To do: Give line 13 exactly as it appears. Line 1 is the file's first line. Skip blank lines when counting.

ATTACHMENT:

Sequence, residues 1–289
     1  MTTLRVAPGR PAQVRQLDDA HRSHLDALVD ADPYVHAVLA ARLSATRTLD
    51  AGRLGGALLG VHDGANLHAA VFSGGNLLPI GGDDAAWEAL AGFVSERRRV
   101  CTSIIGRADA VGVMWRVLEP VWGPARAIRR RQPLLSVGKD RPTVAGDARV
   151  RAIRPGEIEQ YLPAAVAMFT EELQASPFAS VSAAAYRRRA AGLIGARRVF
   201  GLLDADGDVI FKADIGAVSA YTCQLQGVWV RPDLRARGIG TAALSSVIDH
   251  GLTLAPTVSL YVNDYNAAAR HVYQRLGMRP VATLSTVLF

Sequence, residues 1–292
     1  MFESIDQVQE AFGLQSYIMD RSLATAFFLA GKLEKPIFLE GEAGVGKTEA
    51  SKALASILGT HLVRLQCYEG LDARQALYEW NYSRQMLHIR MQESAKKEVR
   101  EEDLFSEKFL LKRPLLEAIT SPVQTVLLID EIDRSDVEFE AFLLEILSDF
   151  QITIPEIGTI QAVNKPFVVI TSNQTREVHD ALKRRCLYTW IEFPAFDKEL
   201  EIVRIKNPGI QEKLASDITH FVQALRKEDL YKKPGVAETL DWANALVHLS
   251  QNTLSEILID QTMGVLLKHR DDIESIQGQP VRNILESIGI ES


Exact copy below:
   201  EIVRIKNPGI QEKLASDITH FVQALRKEDL YKKPGVAETL DWANALVHLS